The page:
Major League Baseball announced that Milwaukee Brewers outfielder Ryan Braun was suspended for the rest of the 2013 season without pay on Monday, a 65-game ban and the first tied to the Biogenesis investigation.

The suspension proved that MLB and the commissioner’s office could suspend a player without a current positive test for performance-enhancing drugs.

MLB included a statement from Braun in the press release, where he acknowledged … something. We are led to believe that he acknowledged using PEDs, and lying about it since the 2011 postseason.

“As I have acknowledged in the past, I am not perfect,” Braun said in the statement. “I realize now that I have made some mistakes. I am willing to accept the consequences of those actions. This situation has taken a toll on me and my entire family, and it is has been a distraction to my teammates and the Brewers organization. I am very grateful for the support I have received from players, ownership and the fans in Milwaukee and around the country. Finally, I wish to apologize to anyone I may have disappointed – all of the baseball fans especially those in Milwaukee, the great Brewers organization, and my teammates. I am  glad to have this matter behind me once and for all, and I cannot wait to get back to the game I love.”

As a lifetime fan of the Milwaukee Brewers I deserve more than this, more than a statement drafted by a lawyer on Ryan Braun’s behalf.

Ryan Braun makes a statement on his 50 game suspension that was overturned.

“As I have acknowledged in the past, I am not perfect.”

Did I miss this moment or revelation? Was it televised, was it tweeted?

What I do remember is that Braun stood before the press and fans and made a statement after his 50-game suspension was rightfully overturned by an MLB arbitrator.

“If I had done this intentionally or unintentionally, I’d be the first one to step up and say I did it. I would bet my life this substance never entered my body.”

Braun led us to believe that his morals and integrity were intact, that his positive test was a mistake and he was exonerated. We wanted to believe him. Close friend and Green Bay Packers quarterback Aaron Rodgers wanted to believe him.

“I realize now that I have made some mistakes.”

Ryan Braun’s career numbers – 1,156 hits, 644 runs, 211 home runs, 681 RBIs.

Has his lapse in judgement marked his entire professional career or just a recent transgression? We deserve to know as fans, and we require it to completely understand the situation and move on.

How many of those hits are real, how many games were stolen, how many memories that we have as fans were a lie?

“This situation has taken a toll on me and my entire family.”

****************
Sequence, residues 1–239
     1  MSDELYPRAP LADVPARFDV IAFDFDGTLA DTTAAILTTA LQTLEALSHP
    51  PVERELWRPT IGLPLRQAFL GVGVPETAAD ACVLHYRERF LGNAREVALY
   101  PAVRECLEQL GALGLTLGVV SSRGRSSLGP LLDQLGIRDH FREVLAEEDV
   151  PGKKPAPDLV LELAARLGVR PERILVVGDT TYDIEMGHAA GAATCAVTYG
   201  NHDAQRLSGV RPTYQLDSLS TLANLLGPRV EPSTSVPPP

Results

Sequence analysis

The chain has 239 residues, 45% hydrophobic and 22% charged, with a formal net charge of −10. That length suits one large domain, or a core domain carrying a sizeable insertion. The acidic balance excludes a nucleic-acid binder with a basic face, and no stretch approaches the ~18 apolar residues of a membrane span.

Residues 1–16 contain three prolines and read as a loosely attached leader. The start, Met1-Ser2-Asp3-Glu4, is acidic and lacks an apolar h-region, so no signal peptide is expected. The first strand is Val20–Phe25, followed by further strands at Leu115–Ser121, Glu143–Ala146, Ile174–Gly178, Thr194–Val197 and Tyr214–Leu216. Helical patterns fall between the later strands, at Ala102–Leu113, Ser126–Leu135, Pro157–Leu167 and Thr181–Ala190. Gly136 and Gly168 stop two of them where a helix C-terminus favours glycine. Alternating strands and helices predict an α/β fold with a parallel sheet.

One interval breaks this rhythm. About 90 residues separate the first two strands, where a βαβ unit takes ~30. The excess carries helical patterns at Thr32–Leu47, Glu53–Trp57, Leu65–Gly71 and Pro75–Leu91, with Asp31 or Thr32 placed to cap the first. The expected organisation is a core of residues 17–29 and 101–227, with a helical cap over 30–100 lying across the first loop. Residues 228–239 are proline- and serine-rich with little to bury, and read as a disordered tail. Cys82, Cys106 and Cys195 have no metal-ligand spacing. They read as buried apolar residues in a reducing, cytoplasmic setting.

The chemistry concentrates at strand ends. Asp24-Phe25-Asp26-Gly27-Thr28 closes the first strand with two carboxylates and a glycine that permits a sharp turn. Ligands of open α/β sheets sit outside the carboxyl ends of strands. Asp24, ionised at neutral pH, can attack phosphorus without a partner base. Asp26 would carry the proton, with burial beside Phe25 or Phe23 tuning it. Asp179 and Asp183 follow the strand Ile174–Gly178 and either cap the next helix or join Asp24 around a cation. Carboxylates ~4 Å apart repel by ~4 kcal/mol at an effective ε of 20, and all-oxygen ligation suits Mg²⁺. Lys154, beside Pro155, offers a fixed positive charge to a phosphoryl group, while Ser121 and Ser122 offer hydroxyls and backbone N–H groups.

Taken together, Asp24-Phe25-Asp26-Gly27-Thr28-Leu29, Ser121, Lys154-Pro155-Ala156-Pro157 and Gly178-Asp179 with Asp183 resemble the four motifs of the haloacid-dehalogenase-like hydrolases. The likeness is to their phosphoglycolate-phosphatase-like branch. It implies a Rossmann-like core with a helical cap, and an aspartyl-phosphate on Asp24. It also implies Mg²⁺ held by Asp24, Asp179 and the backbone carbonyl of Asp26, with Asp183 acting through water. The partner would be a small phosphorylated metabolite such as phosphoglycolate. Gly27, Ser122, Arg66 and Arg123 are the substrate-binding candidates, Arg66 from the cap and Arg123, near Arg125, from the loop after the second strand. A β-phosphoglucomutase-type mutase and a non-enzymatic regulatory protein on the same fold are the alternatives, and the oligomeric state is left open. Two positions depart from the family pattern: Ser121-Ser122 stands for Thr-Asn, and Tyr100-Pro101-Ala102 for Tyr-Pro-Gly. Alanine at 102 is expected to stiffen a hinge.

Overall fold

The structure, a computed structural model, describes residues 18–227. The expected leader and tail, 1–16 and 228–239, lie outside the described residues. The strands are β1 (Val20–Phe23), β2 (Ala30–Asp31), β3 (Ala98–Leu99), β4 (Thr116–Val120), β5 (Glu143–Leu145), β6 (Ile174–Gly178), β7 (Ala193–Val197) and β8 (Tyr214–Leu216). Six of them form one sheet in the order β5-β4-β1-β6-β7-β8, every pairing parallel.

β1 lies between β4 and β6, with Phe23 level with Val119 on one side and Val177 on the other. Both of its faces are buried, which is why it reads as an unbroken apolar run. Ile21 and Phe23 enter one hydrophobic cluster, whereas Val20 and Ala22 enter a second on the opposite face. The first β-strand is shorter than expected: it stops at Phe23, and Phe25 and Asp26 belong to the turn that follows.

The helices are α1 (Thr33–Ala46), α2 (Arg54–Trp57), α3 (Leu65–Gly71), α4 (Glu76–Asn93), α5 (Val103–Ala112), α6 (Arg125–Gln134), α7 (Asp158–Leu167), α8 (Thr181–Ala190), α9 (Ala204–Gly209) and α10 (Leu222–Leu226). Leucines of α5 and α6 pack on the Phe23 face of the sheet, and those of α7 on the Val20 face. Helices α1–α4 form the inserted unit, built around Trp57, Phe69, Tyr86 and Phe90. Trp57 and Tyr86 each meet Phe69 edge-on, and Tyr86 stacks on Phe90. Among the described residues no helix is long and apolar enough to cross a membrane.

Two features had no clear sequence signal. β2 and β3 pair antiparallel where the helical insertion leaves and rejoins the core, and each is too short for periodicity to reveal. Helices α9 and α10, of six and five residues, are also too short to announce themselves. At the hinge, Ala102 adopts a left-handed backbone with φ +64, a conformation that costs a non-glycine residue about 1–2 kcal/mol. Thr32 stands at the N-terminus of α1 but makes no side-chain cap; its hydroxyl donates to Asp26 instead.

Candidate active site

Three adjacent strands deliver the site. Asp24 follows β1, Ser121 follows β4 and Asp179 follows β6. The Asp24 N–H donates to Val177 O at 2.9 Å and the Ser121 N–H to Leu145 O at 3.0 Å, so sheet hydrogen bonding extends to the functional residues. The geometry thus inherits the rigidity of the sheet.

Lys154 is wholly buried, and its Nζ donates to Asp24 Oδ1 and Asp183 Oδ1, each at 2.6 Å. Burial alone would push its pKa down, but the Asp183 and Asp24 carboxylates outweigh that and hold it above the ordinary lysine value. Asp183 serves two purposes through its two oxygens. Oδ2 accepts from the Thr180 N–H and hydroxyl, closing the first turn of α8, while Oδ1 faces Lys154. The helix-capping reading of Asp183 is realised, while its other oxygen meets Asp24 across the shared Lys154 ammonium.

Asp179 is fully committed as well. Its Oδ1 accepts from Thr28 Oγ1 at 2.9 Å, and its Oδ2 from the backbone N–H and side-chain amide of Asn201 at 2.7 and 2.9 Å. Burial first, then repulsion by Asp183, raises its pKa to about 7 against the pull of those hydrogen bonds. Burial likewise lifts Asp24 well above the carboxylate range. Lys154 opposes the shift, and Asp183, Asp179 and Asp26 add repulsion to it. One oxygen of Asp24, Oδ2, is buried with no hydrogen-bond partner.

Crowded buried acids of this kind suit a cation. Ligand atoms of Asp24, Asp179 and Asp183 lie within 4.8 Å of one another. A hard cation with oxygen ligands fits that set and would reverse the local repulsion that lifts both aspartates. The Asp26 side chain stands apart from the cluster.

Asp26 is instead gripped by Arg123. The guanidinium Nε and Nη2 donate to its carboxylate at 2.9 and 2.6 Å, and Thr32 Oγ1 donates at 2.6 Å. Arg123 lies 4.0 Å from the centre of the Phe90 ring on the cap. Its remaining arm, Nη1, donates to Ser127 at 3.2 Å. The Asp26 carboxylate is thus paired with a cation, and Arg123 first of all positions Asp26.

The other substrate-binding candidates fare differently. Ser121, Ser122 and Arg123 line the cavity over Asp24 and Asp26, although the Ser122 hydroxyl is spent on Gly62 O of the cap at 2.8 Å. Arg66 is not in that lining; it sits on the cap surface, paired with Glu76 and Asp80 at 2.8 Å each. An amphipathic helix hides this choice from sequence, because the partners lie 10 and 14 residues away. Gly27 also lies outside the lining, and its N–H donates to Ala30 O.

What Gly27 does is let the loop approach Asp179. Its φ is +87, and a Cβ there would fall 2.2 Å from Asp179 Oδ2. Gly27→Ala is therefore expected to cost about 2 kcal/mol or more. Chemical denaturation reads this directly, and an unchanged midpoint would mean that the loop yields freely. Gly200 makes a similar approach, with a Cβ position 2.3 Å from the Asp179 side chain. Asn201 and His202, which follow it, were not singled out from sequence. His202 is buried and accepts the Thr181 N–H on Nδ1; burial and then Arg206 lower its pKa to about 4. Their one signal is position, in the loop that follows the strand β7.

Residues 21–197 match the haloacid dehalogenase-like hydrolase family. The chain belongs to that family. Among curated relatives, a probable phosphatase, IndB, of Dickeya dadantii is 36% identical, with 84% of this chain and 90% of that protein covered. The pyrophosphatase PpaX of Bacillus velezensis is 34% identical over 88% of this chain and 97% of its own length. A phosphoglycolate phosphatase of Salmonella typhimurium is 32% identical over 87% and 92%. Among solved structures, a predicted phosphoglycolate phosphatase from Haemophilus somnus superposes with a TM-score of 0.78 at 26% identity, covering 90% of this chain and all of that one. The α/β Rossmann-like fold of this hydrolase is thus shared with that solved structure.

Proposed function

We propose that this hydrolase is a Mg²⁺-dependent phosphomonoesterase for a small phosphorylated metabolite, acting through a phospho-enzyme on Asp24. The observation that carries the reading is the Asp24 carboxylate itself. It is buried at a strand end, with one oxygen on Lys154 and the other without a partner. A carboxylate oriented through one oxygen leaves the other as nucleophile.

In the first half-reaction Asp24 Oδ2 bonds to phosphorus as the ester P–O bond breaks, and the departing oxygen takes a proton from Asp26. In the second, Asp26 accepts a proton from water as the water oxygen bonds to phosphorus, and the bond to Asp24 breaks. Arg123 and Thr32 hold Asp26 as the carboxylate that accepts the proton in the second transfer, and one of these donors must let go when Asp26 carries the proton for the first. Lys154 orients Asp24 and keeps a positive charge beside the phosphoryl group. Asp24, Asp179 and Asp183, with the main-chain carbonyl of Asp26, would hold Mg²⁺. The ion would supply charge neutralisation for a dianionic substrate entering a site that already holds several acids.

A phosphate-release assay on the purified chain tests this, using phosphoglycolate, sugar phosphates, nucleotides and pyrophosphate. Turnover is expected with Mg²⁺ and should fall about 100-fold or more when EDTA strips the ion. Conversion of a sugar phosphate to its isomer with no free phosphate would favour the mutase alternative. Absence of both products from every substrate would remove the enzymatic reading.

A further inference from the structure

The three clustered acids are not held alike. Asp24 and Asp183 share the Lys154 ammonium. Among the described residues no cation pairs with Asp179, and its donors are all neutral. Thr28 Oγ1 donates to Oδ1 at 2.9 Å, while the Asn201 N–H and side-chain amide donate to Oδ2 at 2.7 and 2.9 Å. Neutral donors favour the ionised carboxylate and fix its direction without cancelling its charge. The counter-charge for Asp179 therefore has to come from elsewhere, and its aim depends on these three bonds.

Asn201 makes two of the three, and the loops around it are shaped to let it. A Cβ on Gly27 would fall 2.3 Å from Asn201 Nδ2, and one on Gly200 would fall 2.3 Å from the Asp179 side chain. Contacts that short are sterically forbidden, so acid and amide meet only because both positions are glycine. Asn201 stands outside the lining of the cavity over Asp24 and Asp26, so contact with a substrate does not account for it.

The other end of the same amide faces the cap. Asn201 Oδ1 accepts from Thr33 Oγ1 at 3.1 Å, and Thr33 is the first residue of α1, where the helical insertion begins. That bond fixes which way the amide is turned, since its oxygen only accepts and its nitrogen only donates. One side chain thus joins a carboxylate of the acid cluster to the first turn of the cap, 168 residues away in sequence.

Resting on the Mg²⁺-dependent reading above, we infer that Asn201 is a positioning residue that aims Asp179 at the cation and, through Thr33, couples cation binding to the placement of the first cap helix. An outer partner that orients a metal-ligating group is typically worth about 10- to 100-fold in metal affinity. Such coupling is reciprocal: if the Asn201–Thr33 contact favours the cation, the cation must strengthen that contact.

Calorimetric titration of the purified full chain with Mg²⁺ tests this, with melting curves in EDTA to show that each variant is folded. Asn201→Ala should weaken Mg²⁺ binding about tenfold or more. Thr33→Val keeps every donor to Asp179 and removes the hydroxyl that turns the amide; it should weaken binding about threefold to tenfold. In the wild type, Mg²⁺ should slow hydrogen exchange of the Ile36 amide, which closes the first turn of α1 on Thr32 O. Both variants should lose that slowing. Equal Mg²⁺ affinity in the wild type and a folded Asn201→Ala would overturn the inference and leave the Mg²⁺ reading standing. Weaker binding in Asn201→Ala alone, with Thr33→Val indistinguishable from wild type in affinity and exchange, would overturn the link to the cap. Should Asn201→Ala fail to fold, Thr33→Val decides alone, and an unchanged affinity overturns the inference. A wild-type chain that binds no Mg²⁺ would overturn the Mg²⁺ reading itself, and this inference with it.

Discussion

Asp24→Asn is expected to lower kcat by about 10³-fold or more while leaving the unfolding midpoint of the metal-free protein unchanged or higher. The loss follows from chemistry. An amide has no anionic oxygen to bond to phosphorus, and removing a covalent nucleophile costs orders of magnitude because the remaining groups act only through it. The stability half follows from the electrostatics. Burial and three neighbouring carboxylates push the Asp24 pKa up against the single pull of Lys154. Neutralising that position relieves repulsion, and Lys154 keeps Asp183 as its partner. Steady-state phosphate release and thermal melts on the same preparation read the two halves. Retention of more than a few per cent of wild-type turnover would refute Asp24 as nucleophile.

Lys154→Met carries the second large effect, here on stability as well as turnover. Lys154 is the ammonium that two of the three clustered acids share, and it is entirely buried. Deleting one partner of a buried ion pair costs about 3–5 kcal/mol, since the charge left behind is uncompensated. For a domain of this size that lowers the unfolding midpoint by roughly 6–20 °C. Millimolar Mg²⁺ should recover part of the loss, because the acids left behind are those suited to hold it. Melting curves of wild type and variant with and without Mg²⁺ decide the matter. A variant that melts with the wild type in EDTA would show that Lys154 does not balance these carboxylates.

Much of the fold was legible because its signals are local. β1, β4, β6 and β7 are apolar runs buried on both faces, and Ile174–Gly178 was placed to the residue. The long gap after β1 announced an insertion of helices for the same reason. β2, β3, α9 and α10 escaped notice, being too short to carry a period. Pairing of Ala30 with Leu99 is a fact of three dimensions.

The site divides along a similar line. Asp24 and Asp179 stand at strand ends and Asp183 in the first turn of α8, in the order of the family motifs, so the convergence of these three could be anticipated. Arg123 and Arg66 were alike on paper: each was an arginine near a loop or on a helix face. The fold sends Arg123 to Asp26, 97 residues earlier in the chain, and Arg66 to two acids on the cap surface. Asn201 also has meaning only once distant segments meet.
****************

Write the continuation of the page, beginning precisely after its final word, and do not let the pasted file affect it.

This is the statement that has enraged many fans and supporters. Braun chose himself instead of first apologizing to the franchise, his teammates, and most importantly the fans.

Braun has been called a liar nonpareil, a serial doper, a raging narcissist by Jeff Passan of Yahoo! Sports. Narcissist aligns well. Does the statement reveal that the 2011 NL MVP is only concerned with self-preservation and hasn’t hit bottom yet? Are we staring into the eyes of MLB’s equivalent of Lance Armstrong or is Ryan Braun truly sorry for his transgressions?

“I wish to apologize to anyone I may have disappointed.”

I really wish Braun’s statement would have started here. As a season ticket holder I would like a refund for the entire charade. As a fan, some of my greatest memories and moments have involved Ryan Braun; powering the Brewers into 2011 playoffs with a three-run home run, winning the 2011 NL MVP, and helping to resurrect a failing franchise.

If Braun wants to acknowledge his mistakes he should start by apologizing to Dino Laurenzi, the 2011 Arizona Diamondbacks, 2011 NL MVP runner-up Matt Kemp, and the hundreds of thousands of fans that cheered him on through his enhanced performance.

He has done more than injected something illegal into his system, he has stolen memories from Milwaukee fans and has disappointed anyone that has ever looked up to him.

Moving Forward

The Milwaukee Brewers need our support. Perhaps without Braun on the field we can come together to cheer the team and heal together. The franchise faces a losing season, and the timing couldn’t have been better from that perspective. While I believe Braun should find time with the media to apologize for what he has done, the silence could give us months to move forward.

Ryan Braun you are a disgrace to Milwaukee and all of baseball. You have lied to all of us. For a small-market team that desperately needs to win you were the face of the franchise. The team chose you over the equally talented Prince Fielder.

We’ve tried to support you through the entire ordeal that secretly begun during the 2011 MLB postseason. We wanted to believe you. Instead we were duped. You are a cheater, a liar and full of hubris.

You will not get a standing ovation from me when you return on Opening Day 2014, and I truly hope all fans decide to sit quietly when you approach the plate for your first at bat.

You can hope we forgive you in time, and maybe some fans will. But know this, your weak apology does not deserve support or empathy.

While we have begun to find closure on the Biogenesis investigation, the Milwaukee Brewers franchise will invest another $133 million in you through the 2020 season. For the next seven years you should do everything in your power to reconnect with the community and prove that your natural talent can still power the team.